You need a wheelchair, but do you have the strength or desire to push and maneuver a manual chair. What are the options? There are scooters and power chairs. Today I will talk about power operated vehicles (POV), also called scooters or carts.
Wheelchairs have been with us for a long time. Although there were experiments in England in 1916, electricity did not become a mainstay with wheelchairs until the 50s. In the 60s, a different electrical approach was tried.
Al Thieme had a relative with multiple sclerosis who needed a mobility aid. Instead of a standard electric wheelchair, he designed a friendly, easy to use, front-wheel drive model of a scooter. When he began selling the friendly wheelchair, called Amigo, in 1968, the mobility industry was changed. The scooter invented for one MSer gave birth to a new branch of mobility aids. Scooters were available for everyone.
As with many clever and useful inventions, other companies emerged to manufacture similar scooters. Now many different types and versions of scooters are available with different features and design adjustments for specific mobility needs. Scooters are available with three, four, or six wheels; computerized handlebars are placed directly in front or perhaps to the side of the seat; seat styles can raise and swivel, or not; and cushions vary from firm to soft including some specialized to prevent or treat pressure areas. Today's POVs have many different designs, features and prices to go with them.
Why would you select a scooter as your mobility aid? You can set variable speeds, slow to fast -- mine says turtle to rabbit -- with many choices along the continuum. When transporting the scooter, it can be broken down and easily put into the trunk of a car, and the batteries are gel sealed so there is no problem. Scooters are less expensive than power chairs - usually $1300 - $2500. There are some that look like scooters for very little money, but they are not sturdy, not made for disabled people. Be careful when you are shopping.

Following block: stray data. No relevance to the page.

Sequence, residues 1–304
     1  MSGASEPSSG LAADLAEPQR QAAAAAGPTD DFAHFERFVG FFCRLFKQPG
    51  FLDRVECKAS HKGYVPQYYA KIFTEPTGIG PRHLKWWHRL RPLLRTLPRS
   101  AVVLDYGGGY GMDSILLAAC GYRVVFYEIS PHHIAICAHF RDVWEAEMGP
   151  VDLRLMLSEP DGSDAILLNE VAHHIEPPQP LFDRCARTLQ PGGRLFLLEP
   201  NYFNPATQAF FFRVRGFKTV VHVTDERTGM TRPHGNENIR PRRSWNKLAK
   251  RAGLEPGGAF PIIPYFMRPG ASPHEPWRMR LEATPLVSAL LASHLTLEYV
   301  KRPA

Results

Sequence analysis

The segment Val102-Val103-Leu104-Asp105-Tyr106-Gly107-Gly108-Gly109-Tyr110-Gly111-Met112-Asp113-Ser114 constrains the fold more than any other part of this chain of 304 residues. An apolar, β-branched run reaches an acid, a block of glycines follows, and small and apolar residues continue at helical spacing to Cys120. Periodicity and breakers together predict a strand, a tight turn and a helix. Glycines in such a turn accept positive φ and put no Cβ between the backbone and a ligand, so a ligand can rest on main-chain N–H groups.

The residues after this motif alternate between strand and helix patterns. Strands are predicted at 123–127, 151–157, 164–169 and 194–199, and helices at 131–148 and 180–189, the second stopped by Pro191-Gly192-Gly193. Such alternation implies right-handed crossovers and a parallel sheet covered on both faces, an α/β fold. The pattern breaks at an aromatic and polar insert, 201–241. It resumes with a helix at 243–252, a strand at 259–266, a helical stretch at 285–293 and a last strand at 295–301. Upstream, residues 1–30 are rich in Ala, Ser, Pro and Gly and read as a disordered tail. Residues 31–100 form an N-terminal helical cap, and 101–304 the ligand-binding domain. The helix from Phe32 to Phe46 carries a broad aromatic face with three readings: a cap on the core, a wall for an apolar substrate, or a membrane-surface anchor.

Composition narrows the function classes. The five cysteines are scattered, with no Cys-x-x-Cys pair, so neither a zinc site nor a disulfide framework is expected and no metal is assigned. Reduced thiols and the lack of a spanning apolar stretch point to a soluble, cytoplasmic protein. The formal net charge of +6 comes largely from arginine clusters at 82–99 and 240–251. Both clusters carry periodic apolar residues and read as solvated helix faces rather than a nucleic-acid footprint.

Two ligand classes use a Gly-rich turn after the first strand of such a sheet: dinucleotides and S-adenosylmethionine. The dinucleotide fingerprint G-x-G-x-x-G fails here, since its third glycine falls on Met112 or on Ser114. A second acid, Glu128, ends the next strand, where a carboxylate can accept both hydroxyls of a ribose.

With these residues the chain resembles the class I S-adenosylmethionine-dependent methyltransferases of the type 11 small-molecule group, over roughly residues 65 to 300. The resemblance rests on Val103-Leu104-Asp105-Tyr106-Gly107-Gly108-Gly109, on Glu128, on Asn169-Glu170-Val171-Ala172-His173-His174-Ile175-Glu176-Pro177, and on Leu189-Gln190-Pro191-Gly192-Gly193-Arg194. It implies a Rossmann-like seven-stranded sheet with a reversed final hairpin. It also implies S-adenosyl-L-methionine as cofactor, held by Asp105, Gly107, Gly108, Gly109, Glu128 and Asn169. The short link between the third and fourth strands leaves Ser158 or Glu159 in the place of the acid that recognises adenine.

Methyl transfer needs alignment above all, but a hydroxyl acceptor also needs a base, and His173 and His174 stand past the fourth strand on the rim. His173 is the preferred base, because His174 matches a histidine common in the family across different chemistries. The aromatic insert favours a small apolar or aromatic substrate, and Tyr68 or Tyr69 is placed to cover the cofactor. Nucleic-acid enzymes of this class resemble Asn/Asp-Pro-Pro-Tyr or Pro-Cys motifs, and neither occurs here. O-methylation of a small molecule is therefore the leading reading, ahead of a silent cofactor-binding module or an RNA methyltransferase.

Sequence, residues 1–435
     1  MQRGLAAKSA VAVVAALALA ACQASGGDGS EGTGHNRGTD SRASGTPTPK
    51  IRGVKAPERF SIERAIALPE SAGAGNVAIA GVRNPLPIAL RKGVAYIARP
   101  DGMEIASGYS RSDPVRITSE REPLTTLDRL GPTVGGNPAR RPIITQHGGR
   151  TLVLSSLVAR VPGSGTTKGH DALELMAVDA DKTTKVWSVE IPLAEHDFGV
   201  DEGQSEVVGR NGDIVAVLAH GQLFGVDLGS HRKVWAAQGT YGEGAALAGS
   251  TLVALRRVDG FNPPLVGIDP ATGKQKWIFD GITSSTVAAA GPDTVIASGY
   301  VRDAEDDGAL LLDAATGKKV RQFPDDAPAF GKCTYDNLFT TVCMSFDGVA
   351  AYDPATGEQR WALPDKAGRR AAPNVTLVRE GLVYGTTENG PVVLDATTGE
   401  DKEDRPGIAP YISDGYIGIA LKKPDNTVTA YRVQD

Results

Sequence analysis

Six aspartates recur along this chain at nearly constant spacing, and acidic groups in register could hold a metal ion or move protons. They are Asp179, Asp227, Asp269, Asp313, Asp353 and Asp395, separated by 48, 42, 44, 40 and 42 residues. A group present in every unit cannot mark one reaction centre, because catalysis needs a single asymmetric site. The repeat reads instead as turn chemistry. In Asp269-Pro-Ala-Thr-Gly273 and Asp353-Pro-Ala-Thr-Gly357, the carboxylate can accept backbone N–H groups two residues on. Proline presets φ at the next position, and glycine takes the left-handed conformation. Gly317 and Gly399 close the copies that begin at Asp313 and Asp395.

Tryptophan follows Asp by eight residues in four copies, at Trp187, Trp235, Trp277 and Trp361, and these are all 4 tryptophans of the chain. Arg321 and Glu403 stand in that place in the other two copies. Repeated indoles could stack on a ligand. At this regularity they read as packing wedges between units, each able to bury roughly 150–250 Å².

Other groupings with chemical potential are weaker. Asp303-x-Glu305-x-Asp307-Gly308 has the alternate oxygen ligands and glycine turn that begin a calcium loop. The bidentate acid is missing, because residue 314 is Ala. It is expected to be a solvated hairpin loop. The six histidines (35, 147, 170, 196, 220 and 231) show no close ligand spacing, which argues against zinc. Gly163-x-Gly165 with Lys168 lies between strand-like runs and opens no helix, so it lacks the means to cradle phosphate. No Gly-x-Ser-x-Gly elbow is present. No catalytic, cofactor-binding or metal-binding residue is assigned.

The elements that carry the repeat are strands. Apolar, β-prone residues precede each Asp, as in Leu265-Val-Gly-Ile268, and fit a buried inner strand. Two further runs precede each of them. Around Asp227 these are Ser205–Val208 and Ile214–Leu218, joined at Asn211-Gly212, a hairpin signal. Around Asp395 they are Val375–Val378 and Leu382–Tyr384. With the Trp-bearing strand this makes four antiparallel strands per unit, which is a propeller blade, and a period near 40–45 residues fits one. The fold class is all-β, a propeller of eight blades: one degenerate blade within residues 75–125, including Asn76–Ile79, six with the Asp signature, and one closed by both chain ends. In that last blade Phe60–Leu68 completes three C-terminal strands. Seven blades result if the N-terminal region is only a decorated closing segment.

When I finally admitted I needed a wheelchair, I knew it had to be a POV and I chose Amigo. To me it was similar to a golf cart, kind of cute and even fun. One day two young boys came to my door selling candy for their school, but they spent their time asking questions about my cart. Another time in a restaurant a little girl asked her dad "Why can't I have one of those?" It's not just children — adults confide that they would much rather ride than walk though the mall.
Even though the scooter is attractive to all kinds of people, it is still a wheelchair. People with walking difficulty still hesitate to make the decision. Anyone considering a scooter can take advantage of those provided in most grocery stores and malls to see how easy they are to handle, how they ease fatigue, and how they return a level of mobility that MS once degraded. Most or all of the manufacturers bring them to your home for a test drive in your normal environment.
Amy Gurowitz was also hesitant about using a scooter. She tells her story of making her debut riding her Pride Mobility GoGo Elite traveler scooter not just in public, but in a parade! I asked about her experience since her first experience.
"It really was a spectacular way to start my venture into this mobile existence. Though I have to admit, it's been an emotional effort every time I go to use it.. but once on... it's been pretty exciting. I went to the zoo with my daughter, her friend, and my husband... and I was ahead of everyone. That was a spectacular feeling when one is used to pulling up the rear. I'm down in Orlando speaking at a pharma convention and made the mistake of venturing outside when I was told I could find a restaurant close by- even noting that I had walking limitations. It didn't take long for me to really miss my scooter dearly."
It's funny that I called my early experiences with a scooter Independence Day and Amy called hers Dependence Day. Are they opposites? Opposed? They are actually the same experience. First we find we are dependent on a motorized vehicle for mobility. Then we find we have regained a level of independence.
Notes and Links:
Tips for Selecting Mobility Aid
One day we may all need them
Al Thieme changed the mobility industry in 1968